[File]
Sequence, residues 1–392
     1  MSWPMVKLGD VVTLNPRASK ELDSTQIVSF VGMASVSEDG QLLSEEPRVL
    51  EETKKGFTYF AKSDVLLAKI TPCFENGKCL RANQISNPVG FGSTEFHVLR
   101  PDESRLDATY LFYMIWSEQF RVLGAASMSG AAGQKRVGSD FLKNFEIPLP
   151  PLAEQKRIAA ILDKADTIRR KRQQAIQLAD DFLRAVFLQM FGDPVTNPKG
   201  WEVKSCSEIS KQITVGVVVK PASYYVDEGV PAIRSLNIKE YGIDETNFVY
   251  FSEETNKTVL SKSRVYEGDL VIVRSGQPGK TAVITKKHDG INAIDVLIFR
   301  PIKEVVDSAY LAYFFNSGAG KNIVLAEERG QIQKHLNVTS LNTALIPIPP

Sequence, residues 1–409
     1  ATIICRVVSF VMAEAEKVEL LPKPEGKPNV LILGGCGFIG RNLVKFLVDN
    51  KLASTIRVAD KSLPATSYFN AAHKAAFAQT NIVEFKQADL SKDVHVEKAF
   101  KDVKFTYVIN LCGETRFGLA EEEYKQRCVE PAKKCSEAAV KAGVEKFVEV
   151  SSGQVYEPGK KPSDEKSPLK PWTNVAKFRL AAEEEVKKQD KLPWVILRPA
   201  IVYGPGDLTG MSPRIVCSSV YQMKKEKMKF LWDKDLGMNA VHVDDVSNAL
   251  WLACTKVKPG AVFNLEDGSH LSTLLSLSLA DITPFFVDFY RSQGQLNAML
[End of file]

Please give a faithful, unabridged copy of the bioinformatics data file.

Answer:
Sequence, residues 1–392
     1  MSWPMVKLGD VVTLNPRASK ELDSTQIVSF VGMASVSEDG QLLSEEPRVL
    51  EETKKGFTYF AKSDVLLAKI TPCFENGKCL RANQISNPVG FGSTEFHVLR
   101  PDESRLDATY LFYMIWSEQF RVLGAASMSG AAGQKRVGSD FLKNFEIPLP
   151  PLAEQKRIAA ILDKADTIRR KRQQAIQLAD DFLRAVFLQM FGDPVTNPKG
   201  WEVKSCSEIS KQITVGVVVK PASYYVDEGV PAIRSLNIKE YGIDETNFVY
   251  FSEETNKTVL SKSRVYEGDL VIVRSGQPGK TAVITKKHDG INAIDVLIFR
   301  PIKEVVDSAY LAYFFNSGAG KNIVLAEERG QIQKHLNVTS LNTALIPIPP

Sequence, residues 1–409
     1  ATIICRVVSF VMAEAEKVEL LPKPEGKPNV LILGGCGFIG RNLVKFLVDN
    51  KLASTIRVAD KSLPATSYFN AAHKAAFAQT NIVEFKQADL SKDVHVEKAF
   101  KDVKFTYVIN LCGETRFGLA EEEYKQRCVE PAKKCSEAAV KAGVEKFVEV
   151  SSGQVYEPGK KPSDEKSPLK PWTNVAKFRL AAEEEVKKQD KLPWVILRPA
   201  IVYGPGDLTG MSPRIVCSSV YQMKKEKMKF LWDKDLGMNA VHVDDVSNAL
   251  WLACTKVKPG AVFNLEDGSH LSTLLSLSLA DITPFFVDFY RSQGQLNAML